Altai Hok Skis, Scarpa T4 Boot, Gecko Glueless Climbing Skins | MNM Gear Review Nov. 2011

Altai Hok Skis
A few years ago, a Canadian company, Karhu, made great Nordic skis, including a unique ski called a Sweeper, which was a wide and short metal-edged ski with a climbing skin glued to the bottom and a universal free-heel binding. When strapped to your feet, the Sweepers allowed you to explore winter wonderlands much as you would on a pair of snowshoes, but with the ability to glide across the snow. Being short, wide and skinned, they didn’t glide as well as a pair of skis, but they had better glide than a pair of snowshoes. And not having metal crampons attached to the bottom, they didn’t grip as well as snowshoes on steep climbs, but they certainly gripped better than a pair of skis. Unfortunately, the Karhu brand sold and was ultimately dissolved, and the Sweepers went the way of the Monoski.

There hasn’t been anything quite like the Sweepers since—until now. The Altai Hok, available in two lengths—125 or 140 cm.—and featuring full metal edges, is a similar type of gliding snowshoe that bridges the gap between cross-country skiing and snowshoeing. An integrated synthetic climbing skin gives the Hok great grip on the uphills, while at the same time helping to control speed on the downhills. The Hok also comes with binding inserts that match the current 75 mm., three-pin binding hole pattern. When paired up with a rugged 75 mm. backcountry boot, you’ll have the best mix of control, weight, and comfort and will have the confidence to go just about anywhere. If you prefer the convenience of simply strapping in using your existing snow boots, Altai has developed a universal binding called the Xtrace, which can be mounted using the same mounting inserts. This setup won’t give you the control of a 75 mm. binding/boot combo, but if leisurely touring around on flat or rolling terrain is all you are looking for, it is perfect. However you set them up, either option will allow you to experience what the folks at Altai are calling “skishoeing.” Hok skis $199; with Xtrace Universal Bindings, $269.

Scarpa T4sScarpa T4 Backcountry Ski Boot
To get the most out of backcountry skiing, you need a good boot. Comfort and warmth are critical, but equally critical is good lateral support, especially if your idea of backcountry skiing involves pointing your skis downhill and avoiding collisions with trees. Plastic shells provide the best lateral support, but unfortunately, the idea of a plastic backcountry boot intimidates a lot of folks who feel that they are heavy and clunky, especially when touring. But, this is not the case with all. A case in point is the Scarpa T4, which after having been discontinued a few years ago, is back. Its low-cut, two-buckle design keeps the overall weight to a minimum—6 pounds, 8 ounces per pair—while its soft ergonomic bellows offers a natural flex when kicking and gliding. When it comes to making downhill turns, the laterally stiff Pebax shell with an integrated torsion beam minimizes torsional twist, maximizing energy transfer so you can drive the ski through deep powder and around trees. Folks who meander out the back door on flat or rolling terrain may not need a plastic boot, but if steeps and deeps and trees are part of your definition of backcountry, strongly consider a plastic boot like the T4. And if skishoeing is your thing, the T4 is an excellent choice. $279.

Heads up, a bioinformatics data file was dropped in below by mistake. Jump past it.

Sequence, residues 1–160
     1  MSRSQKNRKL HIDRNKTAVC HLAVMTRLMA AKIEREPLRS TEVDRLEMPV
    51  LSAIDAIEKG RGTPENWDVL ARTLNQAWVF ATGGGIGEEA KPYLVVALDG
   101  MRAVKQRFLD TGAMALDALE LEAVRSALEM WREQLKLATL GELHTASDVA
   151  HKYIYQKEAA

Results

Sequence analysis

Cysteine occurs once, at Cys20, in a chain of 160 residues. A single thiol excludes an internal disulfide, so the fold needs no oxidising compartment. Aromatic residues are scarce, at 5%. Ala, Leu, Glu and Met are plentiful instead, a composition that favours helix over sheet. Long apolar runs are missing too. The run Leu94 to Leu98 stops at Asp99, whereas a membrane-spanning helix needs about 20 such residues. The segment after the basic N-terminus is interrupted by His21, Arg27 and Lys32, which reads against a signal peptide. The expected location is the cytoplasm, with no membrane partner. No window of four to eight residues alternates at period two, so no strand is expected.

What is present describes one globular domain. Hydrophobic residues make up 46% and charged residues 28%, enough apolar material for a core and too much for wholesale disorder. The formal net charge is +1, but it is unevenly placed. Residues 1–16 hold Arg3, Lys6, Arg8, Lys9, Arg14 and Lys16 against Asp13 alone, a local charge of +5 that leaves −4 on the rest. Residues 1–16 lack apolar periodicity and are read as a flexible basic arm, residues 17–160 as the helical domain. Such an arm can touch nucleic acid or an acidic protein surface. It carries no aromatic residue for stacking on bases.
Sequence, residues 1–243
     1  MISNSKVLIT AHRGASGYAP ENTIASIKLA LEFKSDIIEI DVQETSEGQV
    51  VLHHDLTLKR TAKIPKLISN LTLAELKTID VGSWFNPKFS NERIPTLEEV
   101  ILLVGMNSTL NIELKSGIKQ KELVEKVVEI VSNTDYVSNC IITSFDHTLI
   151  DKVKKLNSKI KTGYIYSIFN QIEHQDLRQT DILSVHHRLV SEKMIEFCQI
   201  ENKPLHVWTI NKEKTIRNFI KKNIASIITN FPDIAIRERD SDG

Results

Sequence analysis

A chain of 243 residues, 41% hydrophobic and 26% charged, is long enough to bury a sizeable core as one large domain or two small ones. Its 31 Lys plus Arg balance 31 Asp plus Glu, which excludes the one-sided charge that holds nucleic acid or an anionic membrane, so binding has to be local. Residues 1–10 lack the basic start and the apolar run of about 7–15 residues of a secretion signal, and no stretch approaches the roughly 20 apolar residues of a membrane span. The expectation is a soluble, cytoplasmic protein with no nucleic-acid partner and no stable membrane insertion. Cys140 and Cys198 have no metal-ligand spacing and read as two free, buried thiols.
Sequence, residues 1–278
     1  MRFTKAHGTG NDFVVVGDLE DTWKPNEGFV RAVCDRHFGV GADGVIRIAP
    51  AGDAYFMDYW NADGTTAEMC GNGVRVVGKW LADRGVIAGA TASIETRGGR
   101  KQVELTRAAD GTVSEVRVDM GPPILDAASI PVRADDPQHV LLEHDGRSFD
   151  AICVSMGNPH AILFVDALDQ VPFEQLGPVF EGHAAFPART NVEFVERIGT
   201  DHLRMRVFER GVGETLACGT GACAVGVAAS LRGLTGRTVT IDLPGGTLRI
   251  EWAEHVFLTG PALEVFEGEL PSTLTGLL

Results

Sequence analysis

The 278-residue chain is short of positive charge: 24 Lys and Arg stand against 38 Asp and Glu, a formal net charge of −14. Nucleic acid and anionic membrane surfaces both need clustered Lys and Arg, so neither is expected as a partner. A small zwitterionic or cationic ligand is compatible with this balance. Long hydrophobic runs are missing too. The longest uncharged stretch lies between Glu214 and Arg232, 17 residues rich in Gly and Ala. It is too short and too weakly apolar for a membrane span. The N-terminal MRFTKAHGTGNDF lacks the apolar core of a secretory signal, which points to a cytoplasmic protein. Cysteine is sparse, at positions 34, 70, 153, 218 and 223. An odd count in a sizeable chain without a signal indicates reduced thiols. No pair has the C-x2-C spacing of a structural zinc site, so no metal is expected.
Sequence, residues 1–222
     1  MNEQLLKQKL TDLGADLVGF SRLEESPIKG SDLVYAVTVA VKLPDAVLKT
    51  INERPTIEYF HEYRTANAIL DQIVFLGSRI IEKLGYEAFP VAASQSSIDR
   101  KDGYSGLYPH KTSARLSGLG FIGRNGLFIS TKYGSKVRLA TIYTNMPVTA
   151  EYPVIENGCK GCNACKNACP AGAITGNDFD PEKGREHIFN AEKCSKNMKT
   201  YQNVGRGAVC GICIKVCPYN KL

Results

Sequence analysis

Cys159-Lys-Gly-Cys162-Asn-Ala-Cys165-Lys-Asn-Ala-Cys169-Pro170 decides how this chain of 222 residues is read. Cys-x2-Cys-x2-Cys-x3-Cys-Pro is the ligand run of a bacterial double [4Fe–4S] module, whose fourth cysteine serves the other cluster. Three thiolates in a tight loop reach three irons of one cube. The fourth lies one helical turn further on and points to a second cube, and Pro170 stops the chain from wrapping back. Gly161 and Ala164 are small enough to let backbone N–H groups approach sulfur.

Gecko climbing skinsGecko Glueless Climbing Skins
When I first heard about Gecko glueless climbing skins, I immediately thought about the Voile Snake Skins. Anyone remember those? Instead of using glue to attach to the ski, the Snake Skins used straps, and instead of a plush material for grip, they used a sort of serrated rubber material. And as long you were always going straight up the fall line of a relatively low angle ascent, they worked, more or less. However, if you tried to traverse across the fall line, or if the pitch of your low angle ascent kicked up a few degrees, they didn’t work, at which point you were better off putting your skis on your shoulder and post-holing your way to the top. Needless to say, they are no longer available.

Voile didn’t exactly hit a home run with the Snake Skins, but they had the right idea. And it was an idea the folks at Gecko never stopped believing in, and thanks to a new technology, they have developed a better glueless climbing skin. Rather than using glue to adhere to the base of your ski, these skins use a proprietary suction technology that sticks to any smooth, flat surface, and they stick in all conditions: wet or dry, extreme cold or extreme pine needles. And because there is no glue, peeling the skins apart isn’t an arduous ordeal, cleaning them only takes warm water, and you don’t need to worry about your glue degrading over time. In addition, the lack of glue and the 100-percent mohair fiber plush makes them the lightest climbing skins available. $206.95–$229.95.


Ryan James Leclerc

Ryan James Leclerc used to be single and used to work on the sales floor of Onion River Sports. He is now married and works in the office of Onion River Sports. The creative license he procured in a back alley allows him to occasionally narrate from the past as though it were the present.

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